Home Personal Psychology Clinical Psychology Four Assumptive Worlds of Psychopathy II: The World of Spiritual Aberrations

Four Assumptive Worlds of Psychopathy II: The World of Spiritual Aberrations

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As we turn specifically to the four worlds of psychopathy in this essay and the next three, I begin by offering two basic premises. First: the assumptions being made about the causes and origins (the etiology) of psychopathology profoundly inform the way(s) in which psychopathology is identified, diagnosed, classified and treated (or not treated). These assumptions are paradigmatic and relate directly to left and right branching.

I borrow the second premise from the domain of psychoanalysis and other psychodynamic theories of personality: we need to know something about the deep, underlying sources of our world view. Superficial histories that concentrate only on the recently observed are inadequate. We must turn to early influences and often unacknowledged contributing factors. I am governed by my own paradigm and that of the psychoanalytic community: look for the original source (wellspring) of all behavior.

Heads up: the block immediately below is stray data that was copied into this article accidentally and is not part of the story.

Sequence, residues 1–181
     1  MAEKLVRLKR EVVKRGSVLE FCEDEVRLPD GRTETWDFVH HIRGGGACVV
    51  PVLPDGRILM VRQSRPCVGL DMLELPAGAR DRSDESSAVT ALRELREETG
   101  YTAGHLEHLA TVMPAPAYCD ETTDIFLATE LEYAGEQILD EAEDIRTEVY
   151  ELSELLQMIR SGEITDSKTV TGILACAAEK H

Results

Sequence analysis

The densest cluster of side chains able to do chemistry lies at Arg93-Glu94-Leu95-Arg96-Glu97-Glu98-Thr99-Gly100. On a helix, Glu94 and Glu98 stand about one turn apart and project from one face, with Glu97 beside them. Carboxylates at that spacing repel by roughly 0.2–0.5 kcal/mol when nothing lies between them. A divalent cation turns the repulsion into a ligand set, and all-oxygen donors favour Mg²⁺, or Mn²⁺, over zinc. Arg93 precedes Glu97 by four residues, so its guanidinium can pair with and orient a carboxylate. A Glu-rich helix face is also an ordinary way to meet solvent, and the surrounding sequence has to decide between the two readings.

With these two basic premises in place, the stage is set for our identification of four powerful assumptive worlds operating in the diagnosis and treatment of psychopathology. They are:
• Psychopathology as a Spiritual Aberration
• Psychopathology as an Inappropriate Distribution of Bodily Energy Fluids or Functions
• Psychopathology as a Social Deviation
• Psychopathology as a Mental Illness

In this second essay, I identify how assumptions about psychopathology are derived in the first of these four worlds. I suggest ways in which specific social constructions (concerning spiritual aberrations) influence the diagnosis and treatment of psychopathology. In identifying and examining the social constructions in this first world and the other three, I make use of the different perspectives offered in the first essay (content and structure, articulated theories and theories in use, and paradigms, models and practices).

At an even more fundamental level, I will repeatedly suggest that we need shared and reinforced social constructions in order to make meaning in our lives and navigate in a specific social system—such as a system that must address the challenges of psychopathy. I will also be focusing on two major societal dynamics: the management of anxiety and the management of power.

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